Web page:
This paper deals with the mineral springs feeding the Scrajo spa in the Sorrento peninsula southeast of Naples, approximately 6 km from Castellammare di Stabia, another spa location. The Scrajo mineral water is sulphureous, salt-bromine-iodic and CO2-rich. The two hydromineral areas fall within the groundwater basin of Mt. Faito formed chiefly by limestones. Due to the high permeability of the limestones, there is considerable rainwater infiltration which recharges a basal fresh groundwater resting on denser seawater. This groundwater body feeds the mineral springs of the Scrajo spa, the springs of Castellammare di Stabia and some submarine springs. All the data gathered for the Scrajo springs led to propose the following mineralisation scheme: (1) The basal fresh groundwater of Mt. Faito (on underlying seawater) receives endogenous contributions of CO2 and H2S which cause a ‘‘natural’’ seawater intrusion within the fresh groundwater; (2) The upwelling of gases would appear to occur via the major faults which bound Sorrento peninsula to the NW; (3) During the year, the chemistry of the springs changes according to different degrees of seawater intrusion: the minimum occurs in June and the maximum in November. The close interaction between the sea and the Scrajo’s mineral waters (but also those of Castellammare di Stabia) highlights their particular vulnerability not only to overextraction of groundwater but also to climate change. Finally, a hypothesis is presented to explain the connection between the mineral waters rich in CO2 and H2S and the concentration of karst phenomena observed in the Scrajo area.

An approach for collection of nearfield groundwater samples in submerged limestone caverns, 2013,
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Mills Aaron L. , Tysall Terrence N. , Herman Janet S.

Walls of submerged caves feeding Florida springs are often lined with a heavy mat of filamentous bacteria, many of which are able to oxidize reduced sulfur in groundwater migrating from the porous bedrock into the cave conduit. To determine changes in water chemistry as water passes through the microbial mat, a simple device made from standard well screen and sealed with a rubber stopper and controllable vents was installed in a hole drilled in the wall of the cave passage. The sampler was sealed in place with marine epoxy. we measured anions in water from the sampler and from the water-filled conduit taken just outside the sampler. Most anions measured viz., Cl, NO3, and PO43−, increased slightly between the matrix and conduit waters. However, traces of sulfide were measured in the water from the rock matrix, but not in the conduit. SO4 2−concentrations in the conduit were about twice that measured in the water from the sampler, about 22 and 11 mg SO42− L−1, respectively, providing further evidence that sulfur oxidation is an important process in the bacterial mats attached to the limestone surfaces in these caves. An additional use of the sampling device is to measure discharge from the local bedrock into the cave conduit.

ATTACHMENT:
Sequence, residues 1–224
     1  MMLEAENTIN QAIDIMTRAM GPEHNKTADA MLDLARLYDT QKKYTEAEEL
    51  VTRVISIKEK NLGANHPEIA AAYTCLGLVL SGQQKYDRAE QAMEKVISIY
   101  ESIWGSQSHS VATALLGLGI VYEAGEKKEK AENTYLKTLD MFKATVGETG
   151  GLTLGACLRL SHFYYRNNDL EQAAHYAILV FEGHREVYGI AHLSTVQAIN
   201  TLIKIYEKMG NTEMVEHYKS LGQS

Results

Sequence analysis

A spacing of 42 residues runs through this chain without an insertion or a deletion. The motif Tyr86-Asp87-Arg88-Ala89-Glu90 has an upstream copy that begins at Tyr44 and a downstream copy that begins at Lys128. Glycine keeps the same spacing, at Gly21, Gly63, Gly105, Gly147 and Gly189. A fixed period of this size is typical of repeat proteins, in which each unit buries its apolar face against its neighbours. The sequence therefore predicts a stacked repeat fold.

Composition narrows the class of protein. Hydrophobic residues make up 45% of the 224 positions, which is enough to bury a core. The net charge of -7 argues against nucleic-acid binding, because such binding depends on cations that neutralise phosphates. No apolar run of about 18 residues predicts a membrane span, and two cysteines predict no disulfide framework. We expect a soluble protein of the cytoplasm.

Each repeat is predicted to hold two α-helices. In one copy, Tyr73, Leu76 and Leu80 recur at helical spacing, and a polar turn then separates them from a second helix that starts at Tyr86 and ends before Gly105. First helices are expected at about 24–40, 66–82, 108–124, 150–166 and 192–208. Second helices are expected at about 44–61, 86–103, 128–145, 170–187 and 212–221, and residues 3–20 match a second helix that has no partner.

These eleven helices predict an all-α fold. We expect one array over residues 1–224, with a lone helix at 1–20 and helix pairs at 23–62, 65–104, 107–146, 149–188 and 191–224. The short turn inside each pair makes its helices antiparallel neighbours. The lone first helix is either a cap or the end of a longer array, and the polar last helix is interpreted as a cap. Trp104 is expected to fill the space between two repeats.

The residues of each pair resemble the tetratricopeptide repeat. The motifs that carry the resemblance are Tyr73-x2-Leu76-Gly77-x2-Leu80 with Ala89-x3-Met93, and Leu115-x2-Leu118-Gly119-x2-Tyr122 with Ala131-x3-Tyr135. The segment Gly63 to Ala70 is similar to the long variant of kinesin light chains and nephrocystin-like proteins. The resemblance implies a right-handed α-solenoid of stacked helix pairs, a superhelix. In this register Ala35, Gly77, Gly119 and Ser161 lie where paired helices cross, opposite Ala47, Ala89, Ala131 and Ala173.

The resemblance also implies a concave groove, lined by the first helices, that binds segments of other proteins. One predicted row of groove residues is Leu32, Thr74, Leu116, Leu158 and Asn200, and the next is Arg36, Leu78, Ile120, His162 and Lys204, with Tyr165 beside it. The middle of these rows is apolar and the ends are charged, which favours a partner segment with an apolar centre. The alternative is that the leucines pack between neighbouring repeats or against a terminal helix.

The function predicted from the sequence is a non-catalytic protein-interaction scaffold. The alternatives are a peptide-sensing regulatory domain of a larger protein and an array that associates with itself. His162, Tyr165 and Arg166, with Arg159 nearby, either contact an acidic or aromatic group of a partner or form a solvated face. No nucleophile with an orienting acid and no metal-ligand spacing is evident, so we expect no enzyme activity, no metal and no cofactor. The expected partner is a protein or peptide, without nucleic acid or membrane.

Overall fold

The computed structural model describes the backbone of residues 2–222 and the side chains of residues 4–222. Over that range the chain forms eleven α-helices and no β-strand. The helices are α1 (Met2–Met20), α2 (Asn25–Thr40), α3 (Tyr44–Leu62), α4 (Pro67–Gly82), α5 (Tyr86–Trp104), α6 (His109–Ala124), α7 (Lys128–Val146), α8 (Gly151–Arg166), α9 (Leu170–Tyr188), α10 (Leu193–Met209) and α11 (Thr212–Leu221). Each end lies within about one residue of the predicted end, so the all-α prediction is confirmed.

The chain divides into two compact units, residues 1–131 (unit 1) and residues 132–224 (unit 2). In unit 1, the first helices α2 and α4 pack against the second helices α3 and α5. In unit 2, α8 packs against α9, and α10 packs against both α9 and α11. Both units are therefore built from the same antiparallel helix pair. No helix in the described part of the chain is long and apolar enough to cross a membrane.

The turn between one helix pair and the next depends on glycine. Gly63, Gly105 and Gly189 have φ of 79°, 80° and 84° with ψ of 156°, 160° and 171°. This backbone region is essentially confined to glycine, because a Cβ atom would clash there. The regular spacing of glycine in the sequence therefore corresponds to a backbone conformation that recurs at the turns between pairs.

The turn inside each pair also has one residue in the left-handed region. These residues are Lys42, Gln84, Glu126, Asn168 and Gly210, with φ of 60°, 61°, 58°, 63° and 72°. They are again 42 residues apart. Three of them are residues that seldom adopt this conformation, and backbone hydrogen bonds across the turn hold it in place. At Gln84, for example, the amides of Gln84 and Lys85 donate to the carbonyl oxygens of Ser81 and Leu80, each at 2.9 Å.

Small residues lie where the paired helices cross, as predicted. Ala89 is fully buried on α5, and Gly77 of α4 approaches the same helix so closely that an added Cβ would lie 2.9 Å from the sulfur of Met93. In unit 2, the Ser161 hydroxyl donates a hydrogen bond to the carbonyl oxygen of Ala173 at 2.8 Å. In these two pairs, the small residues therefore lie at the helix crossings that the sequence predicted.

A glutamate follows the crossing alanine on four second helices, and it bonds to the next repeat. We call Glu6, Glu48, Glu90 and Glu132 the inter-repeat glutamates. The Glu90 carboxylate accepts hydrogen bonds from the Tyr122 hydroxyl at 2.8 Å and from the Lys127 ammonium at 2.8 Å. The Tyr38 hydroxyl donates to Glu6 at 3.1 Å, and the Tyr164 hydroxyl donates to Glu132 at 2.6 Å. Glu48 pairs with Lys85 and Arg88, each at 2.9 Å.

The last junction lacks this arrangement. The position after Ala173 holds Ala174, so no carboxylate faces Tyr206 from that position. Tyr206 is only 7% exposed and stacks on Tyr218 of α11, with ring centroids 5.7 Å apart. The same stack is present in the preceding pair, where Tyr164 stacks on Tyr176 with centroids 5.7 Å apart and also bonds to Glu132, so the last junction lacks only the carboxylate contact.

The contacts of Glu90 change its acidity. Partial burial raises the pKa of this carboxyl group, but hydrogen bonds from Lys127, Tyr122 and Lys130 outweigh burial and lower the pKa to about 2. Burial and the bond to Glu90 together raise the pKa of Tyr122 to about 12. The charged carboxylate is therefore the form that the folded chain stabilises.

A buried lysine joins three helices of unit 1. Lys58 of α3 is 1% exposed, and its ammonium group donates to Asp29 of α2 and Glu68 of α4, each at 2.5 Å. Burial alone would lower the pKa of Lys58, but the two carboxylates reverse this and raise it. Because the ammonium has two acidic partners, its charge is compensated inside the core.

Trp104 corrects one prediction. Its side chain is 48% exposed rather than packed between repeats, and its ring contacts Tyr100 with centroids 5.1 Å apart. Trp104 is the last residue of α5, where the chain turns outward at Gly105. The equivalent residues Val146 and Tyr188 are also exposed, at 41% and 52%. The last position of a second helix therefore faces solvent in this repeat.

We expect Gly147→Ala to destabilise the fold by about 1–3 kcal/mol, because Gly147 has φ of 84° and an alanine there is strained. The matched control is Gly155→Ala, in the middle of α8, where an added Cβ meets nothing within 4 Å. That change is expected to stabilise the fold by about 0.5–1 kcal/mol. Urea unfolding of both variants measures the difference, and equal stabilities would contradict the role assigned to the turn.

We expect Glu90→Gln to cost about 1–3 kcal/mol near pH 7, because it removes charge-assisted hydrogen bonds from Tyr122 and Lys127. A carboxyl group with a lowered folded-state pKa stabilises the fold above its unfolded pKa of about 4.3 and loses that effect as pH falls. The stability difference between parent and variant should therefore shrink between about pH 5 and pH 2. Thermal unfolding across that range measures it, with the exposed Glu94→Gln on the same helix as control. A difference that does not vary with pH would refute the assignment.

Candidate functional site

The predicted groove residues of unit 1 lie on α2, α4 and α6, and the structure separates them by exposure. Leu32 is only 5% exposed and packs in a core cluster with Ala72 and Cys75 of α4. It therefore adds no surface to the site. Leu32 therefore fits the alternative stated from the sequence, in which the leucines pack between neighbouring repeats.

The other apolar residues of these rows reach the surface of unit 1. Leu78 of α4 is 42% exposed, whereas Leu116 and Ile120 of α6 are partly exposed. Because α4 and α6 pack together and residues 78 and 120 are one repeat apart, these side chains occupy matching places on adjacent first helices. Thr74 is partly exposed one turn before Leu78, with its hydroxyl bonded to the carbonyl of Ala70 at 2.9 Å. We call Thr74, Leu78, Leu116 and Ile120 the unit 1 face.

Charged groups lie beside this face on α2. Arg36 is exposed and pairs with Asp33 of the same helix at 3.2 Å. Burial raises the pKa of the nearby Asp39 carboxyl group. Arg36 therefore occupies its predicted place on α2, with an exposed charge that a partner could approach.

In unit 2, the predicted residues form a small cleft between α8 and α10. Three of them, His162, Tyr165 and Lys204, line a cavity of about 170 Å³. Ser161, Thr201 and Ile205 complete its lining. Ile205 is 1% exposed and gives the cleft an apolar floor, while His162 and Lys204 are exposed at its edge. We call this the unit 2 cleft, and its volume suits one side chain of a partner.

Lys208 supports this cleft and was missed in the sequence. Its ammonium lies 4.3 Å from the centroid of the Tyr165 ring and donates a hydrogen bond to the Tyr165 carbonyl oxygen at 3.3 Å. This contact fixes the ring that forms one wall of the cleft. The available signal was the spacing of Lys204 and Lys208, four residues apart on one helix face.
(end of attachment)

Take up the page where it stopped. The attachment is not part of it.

Long-term erosion rate measurements in gypsum caves of Sorbas (SE Spain) by the Micro-Erosion Meter method, 2015,
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Sanna Laura, De Waele Jo, Calaforra José Maria, Forti Paolo

The present work deals with the results of long-term micro-erosion measurements in the most important gypsum cave of Spain, the Cueva del Agua (Sorbas, Almeria, SE Spain). Nineteen MEM stations were positioned in 1992 in a wide range of morphological and environmental settings (gypsum floors and walls, carbonate speleothems, dry conduits and vadose passages) inside and outside the cave, on gypsum and carbonate bedrocks and exposed to variable degree of humidity, different air flowand hydrodynamic conditions. Four different sets of stations have been investigated: (1) the main cave entrance (Las Viñicas spring); (2) the main river passage; (3) the abandoned Laboratory tunnel; and (4) the external gypsum surface. Data over a period of about 18 years are available. The average lowering rates vary from 0.014 to 0.016 mm yr−1 near the main entrance and in the Laboratory tunnel, to 0.022 mm −1 on gypsum floors and 0.028 mm yr−1 on carbonate flowstones. 

The denudation data from the external gypsum stations are quite regular with a rate of 0.170 mm yr−1. The observations allowed the collecting of important information concerning the feeding of the karst aquifer not only by infiltrating rainwater, but under present climate conditions also by water condensation of moist air flow. This contribution to the overall karst processes in the Cueva del Agua basin represents over 20% of the total chemical dissolution of the karst area and more than 50% of the speleogenetically removed gypsum in the cave system, thus representing all but a secondary role in speleogenesis. Condensation–corrosion is most active along the medium walls, being slower at the roof and almost absent close to the floor. This creates typical corrosion morphologies such as cupola, while gypsum flowers develop where evaporation dominates. This approach also shows quantitatively the morphological implications of condensation–corrosion processes in gypsum karst systems in arid zones, responsible for an average surface lowering of 0.047 mm yr−1, while mechanical erosion produces a lowering of 0.123 mm yr−1.